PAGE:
This is documentation for the next version of Loki. For the latest stable release, go to the latest version.

Open source

Query examples

These LogQL query examples have explanations of what the queries accomplish.

Log query examples

Examples that filter on IP address

  • Return log lines that are not within a range of IPv4 addresses:

    {job_name="myapp"} != ip("")
  • This example matches log lines with all IPv4 subnet values except IP address

    	| logfmt
    	| addr = ip("")
    	| addr != ip("")

Examples that aid in security evaluation

  • Extract the user and IP address of failed logins from Linux /var/log/secure

        |~ "Invalid user.*"
        | regexp "(^(?P<user>\\S+ {1,2}){8})"
        | regexp "(^(?P<ip>\\S+ {1,2}){10})"
        | line_format "IP = {{.ip}}\tUSER = {{.user}}"
  • Get successful logins from Linux /var/log/secure

        != "grafana_com"
        |= "session opened"
        != "sudo: "
        | regexp "(^(?P<user>\\S+ {1,2}){11})"
        | line_format "USER = {{.user}}"

Metrics query examples

  • Return the per-second rate of all non-timeout errors within the last minutes per host for the MySQL job, and only include errors whose duration is above ten seconds.

    sum by (host) (rate({job="mysql"}
        |= "error" != "timeout"
        | json
        | duration > 10s [1m]))

Multiple filtering stages examples

Query results are gathered by successive evaluation of parts of the query from left to right. To make querying efficient, order the filtering stages left to right:

  1. stream selector
  2. line filters
  3. label filters

Consider the query:

{cluster="ops-tools1", namespace="loki-dev", job="loki-dev/query-frontend"} |= "metrics.go" != "out of order" | logfmt | duration > 30s or status_code != "200"

Within this query, the stream selector is

{cluster="ops-tools1", namespace="loki-dev", job="loki-dev/query-frontend"}

There are two line filters: |= "metrics.go" and !="out of order". Of the log lines identified with the stream selector, the query results include only those log lines that contain the string “metrics.go” and do not contain the string “out of order”.

The logfmt parser produces the duration and status_code labels, such that they can be used by a label filter.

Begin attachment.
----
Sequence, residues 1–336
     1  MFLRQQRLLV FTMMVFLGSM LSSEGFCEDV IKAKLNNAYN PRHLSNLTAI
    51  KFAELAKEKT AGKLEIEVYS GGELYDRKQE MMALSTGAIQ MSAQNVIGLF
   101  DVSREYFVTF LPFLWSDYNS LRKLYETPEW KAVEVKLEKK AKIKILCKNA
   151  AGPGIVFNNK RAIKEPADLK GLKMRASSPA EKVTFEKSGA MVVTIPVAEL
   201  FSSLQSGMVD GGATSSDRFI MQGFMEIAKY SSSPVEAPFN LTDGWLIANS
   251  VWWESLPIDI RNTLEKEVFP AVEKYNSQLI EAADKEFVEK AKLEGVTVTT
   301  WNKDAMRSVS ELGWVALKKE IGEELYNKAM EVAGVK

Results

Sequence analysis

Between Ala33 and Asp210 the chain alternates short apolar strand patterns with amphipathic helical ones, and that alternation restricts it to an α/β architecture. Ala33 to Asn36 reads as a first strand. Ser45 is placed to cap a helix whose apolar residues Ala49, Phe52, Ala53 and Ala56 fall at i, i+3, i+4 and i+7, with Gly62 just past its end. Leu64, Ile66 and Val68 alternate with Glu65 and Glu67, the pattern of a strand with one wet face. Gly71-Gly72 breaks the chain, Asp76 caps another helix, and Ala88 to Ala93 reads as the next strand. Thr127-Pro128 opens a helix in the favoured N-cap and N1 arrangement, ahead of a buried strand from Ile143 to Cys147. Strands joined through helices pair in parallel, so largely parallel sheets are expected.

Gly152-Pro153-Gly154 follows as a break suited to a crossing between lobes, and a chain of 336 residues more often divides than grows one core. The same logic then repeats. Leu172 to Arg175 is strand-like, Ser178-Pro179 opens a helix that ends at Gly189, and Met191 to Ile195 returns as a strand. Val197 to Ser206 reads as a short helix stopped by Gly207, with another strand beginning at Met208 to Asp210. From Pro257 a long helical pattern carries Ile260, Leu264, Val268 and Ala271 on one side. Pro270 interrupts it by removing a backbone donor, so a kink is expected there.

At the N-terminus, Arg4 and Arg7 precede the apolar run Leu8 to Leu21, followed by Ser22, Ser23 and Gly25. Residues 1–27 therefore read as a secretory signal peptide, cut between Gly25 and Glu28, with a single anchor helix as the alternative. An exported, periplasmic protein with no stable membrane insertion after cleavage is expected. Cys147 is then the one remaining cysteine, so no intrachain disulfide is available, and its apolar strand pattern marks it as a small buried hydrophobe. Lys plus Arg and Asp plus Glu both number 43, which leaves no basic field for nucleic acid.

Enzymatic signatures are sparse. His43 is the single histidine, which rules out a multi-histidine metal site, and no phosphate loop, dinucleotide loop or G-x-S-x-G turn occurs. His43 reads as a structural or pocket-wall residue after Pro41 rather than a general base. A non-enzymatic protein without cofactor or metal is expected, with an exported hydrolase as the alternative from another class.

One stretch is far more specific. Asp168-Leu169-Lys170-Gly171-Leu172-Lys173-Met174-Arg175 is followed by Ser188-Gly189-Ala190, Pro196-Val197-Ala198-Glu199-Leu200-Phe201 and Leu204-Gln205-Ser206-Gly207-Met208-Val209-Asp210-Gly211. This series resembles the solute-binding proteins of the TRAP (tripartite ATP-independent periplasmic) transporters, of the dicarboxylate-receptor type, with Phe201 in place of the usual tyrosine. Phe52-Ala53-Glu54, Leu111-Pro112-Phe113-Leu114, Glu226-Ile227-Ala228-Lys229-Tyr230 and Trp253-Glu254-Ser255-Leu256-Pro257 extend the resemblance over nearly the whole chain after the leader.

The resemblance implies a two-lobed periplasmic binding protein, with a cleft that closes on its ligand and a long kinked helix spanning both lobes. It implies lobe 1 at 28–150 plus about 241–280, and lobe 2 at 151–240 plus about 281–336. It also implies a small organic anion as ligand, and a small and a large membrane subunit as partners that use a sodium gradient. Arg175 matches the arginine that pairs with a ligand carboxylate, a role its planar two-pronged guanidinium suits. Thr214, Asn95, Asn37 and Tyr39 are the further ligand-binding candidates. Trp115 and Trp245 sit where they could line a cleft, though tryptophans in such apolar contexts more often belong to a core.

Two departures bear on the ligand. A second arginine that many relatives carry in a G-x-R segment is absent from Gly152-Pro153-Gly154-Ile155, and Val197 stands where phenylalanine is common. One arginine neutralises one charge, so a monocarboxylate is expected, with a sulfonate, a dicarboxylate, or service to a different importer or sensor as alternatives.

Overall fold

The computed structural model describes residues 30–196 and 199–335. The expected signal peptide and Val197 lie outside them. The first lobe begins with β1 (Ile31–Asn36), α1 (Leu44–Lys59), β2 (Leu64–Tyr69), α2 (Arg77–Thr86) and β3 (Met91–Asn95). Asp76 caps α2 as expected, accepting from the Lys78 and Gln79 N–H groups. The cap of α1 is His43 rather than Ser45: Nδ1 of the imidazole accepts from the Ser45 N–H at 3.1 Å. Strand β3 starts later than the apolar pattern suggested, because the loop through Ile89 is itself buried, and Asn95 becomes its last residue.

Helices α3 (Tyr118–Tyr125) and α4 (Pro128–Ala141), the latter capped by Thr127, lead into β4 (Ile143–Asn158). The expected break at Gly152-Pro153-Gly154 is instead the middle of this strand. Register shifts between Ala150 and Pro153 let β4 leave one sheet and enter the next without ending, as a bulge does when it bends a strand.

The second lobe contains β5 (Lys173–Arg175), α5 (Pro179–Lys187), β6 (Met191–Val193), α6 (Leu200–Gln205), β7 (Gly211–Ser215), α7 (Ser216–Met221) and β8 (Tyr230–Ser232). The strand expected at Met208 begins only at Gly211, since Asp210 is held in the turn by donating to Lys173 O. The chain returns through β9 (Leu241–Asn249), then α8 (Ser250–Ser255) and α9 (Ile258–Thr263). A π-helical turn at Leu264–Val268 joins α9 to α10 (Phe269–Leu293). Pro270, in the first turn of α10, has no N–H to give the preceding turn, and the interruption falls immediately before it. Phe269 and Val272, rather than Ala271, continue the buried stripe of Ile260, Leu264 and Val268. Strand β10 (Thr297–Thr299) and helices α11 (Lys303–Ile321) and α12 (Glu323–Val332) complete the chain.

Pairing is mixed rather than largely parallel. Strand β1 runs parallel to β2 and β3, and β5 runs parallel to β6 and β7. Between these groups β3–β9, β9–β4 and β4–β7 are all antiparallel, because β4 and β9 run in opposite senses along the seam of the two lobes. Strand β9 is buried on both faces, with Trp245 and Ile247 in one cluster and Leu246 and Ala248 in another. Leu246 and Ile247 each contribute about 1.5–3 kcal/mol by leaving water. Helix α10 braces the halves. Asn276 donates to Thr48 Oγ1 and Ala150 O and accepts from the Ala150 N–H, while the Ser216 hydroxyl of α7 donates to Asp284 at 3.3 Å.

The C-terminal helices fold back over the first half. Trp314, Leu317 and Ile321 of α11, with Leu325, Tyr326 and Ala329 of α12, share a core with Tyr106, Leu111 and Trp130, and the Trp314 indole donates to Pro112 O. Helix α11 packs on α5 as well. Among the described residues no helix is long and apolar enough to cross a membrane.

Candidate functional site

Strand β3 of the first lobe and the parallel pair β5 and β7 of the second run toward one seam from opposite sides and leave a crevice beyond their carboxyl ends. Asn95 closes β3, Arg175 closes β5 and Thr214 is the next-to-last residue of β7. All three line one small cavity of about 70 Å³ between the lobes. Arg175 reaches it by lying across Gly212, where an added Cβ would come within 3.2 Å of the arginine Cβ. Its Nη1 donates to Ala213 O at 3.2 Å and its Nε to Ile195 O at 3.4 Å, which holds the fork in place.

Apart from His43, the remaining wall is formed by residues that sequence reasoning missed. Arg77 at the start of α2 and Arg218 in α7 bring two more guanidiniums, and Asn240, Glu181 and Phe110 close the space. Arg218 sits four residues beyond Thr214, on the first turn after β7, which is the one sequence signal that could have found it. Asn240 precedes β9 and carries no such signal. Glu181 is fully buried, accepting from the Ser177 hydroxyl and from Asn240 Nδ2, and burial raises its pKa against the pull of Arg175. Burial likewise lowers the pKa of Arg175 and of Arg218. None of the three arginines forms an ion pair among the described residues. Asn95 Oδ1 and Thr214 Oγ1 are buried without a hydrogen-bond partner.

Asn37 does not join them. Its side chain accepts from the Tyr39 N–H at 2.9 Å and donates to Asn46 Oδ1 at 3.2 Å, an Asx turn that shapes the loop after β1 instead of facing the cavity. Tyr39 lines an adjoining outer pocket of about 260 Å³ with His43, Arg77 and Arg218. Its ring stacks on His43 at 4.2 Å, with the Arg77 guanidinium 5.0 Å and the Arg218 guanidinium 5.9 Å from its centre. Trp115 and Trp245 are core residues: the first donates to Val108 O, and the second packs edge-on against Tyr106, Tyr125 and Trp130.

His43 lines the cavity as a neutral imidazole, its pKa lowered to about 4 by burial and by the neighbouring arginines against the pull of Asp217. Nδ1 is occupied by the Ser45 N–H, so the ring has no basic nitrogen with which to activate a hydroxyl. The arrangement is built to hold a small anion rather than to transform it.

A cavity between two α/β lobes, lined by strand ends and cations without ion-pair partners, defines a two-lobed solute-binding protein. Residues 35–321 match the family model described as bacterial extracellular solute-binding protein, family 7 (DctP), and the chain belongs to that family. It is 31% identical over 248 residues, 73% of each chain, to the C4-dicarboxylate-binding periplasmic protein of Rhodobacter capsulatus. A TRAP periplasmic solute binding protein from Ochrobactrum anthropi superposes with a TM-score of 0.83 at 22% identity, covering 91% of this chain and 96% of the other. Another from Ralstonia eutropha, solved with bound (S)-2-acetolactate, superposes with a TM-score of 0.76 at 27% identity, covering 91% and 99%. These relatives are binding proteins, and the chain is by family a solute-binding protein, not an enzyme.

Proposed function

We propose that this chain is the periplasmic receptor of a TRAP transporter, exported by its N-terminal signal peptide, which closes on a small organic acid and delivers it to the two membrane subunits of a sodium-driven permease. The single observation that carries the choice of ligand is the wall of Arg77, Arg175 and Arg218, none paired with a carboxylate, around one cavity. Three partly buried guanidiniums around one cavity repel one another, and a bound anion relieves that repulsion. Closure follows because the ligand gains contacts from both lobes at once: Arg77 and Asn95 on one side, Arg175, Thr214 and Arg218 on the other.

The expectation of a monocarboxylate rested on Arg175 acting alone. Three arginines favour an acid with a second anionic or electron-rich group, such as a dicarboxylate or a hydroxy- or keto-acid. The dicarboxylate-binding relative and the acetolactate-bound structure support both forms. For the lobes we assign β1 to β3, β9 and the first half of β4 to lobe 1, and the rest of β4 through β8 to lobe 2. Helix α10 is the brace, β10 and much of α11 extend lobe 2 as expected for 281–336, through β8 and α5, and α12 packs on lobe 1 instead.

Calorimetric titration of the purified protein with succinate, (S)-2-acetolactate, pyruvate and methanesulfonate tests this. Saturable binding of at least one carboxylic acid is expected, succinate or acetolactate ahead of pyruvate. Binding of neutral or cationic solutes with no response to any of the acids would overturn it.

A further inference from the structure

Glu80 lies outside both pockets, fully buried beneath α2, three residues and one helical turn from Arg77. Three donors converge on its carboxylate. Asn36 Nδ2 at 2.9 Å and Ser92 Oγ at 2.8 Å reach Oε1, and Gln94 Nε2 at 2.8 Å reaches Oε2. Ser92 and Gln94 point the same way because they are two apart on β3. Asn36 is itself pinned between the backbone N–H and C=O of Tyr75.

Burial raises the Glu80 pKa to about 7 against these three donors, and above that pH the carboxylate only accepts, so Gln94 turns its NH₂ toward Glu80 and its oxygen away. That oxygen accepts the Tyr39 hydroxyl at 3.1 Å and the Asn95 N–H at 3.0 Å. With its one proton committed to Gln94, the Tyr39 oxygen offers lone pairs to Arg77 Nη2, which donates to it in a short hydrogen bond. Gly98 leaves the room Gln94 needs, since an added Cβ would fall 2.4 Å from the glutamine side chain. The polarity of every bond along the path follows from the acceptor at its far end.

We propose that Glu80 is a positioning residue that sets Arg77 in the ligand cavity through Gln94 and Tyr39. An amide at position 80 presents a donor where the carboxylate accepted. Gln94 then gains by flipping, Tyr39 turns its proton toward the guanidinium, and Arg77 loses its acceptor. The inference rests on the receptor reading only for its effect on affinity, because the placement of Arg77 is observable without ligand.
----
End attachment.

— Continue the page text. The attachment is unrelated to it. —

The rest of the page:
The label filter | duration > 30s or status_code!="200" further filters out log lines. It includes those log lines that contain a status_code label with any value other than the value 200, as well as log lines that contain a duration label with a value greater than 30 sections,

While every query will have a stream selector, not all queries will have line and label filters.

Examples that use multiple parsers

Consider this logfmt log line. To extract the method and the path of this logfmt log line,

level=debug ts=2020-10-02T10:10:42.092268913Z caller=logging.go:66 traceID=a9d4d8a928d8db1 msg="POST /api/prom/api/v1/query_range (200) 1.5s"

To extract the method and the path, use multiple parsers (logfmt and regexp):

{job="loki-ops/query-frontend"} | logfmt | line_format "{{.msg}}" | regexp "(?P<method>\\w+) (?P<path>[\\w|/]+) \\((?P<status>\\d+?)\\) (?P<duration>.*)"

This is possible because the | line_format reformats the log line to become POST /api/prom/api/v1/query_range (200) 1.5s which can then be parsed with the | regexp ... parser.

Log line formatting examples

The following query shows how you can reformat a log line to make it easier to read on screen.

{cluster="ops-tools1", name="querier", namespace="loki-dev"}
  |= "metrics.go" != "loki-canary"
  | logfmt
  | query != ""
  | label_format query="{{ Replace .query \"\\n\" \"\" -1 }}"
  | line_format "{{ .ts}}\t{{.duration}}\ttraceID = {{.traceID}}\t{{ printf \"%-100.100s\" .query }} "

Label formatting is used to sanitize the query while the line format reduce the amount of information and creates a tabular output.

For these given log lines:

level=info ts=2020-10-23T20:32:18.094668233Z caller=metrics.go:81 org_id=29 traceID=1980d41501b57b68 latency=fast query="{cluster=\"ops-tools1\", job=\"loki-ops/query-frontend\"} |= \"query_range\"" query_type=filter range_type=range length=15m0s step=7s duration=650.22401ms status=200 throughput_mb=1.529717 total_bytes_mb=0.994659
level=info ts=2020-10-23T20:32:18.068866235Z caller=metrics.go:81 org_id=29 traceID=1980d41501b57b68 latency=fast query="{cluster=\"ops-tools1\", job=\"loki-ops/query-frontend\"} |= \"query_range\"" query_type=filter range_type=range length=15m0s step=7s duration=624.008132ms status=200 throughput_mb=0.693449 total_bytes_mb=0.432718

The result would be:

2020-10-23T20:32:18.094668233Z	650.22401ms	    traceID = 1980d41501b57b68	{cluster="ops-tools1", job="loki-ops/query-frontend"} |= "query_range"
2020-10-23T20:32:18.068866235Z	624.008132ms	traceID = 1980d41501b57b68	{cluster="ops-tools1", job="loki-ops/query-frontend"} |= "query_range"

It’s possible to strip ANSI sequences from the log line, making it easier to parse it further:

{job="example"} | decolorize

This way this log line:

[2022-11-04 22:17:57.811] \033[0;32http\033[0m: GET /_health (0 ms) 204

turns into:

[2022-11-04 22:17:57.811] http: GET /_health (0 ms) 204

Unwrap examples

  • Calculate the p99 of the nginx-ingress latency by path:

        | json
        | __error__ = ""
        | unwrap request_time [1m]) by (path)
  • Calculate the quantity of bytes processed per organization ID:

    sum by (org_id) (
          |= "metrics.go"
          | logfmt
          | unwrap bytes_processed [1m])

Vector aggregation examples

Get the top 10 applications by the highest log throughput:

topk(10,sum(rate({region="us-east1"}[5m])) by (name))

Get the count of log lines for the last five minutes for a specified job, grouping by level:

sum(count_over_time({job="mysql"}[5m])) by (level)

Get the rate of HTTP GET requests to the /home endpoint for NGINX logs by region:

avg(rate(({job="nginx"} |= "GET" | json | path="/home")[10s])) by (region)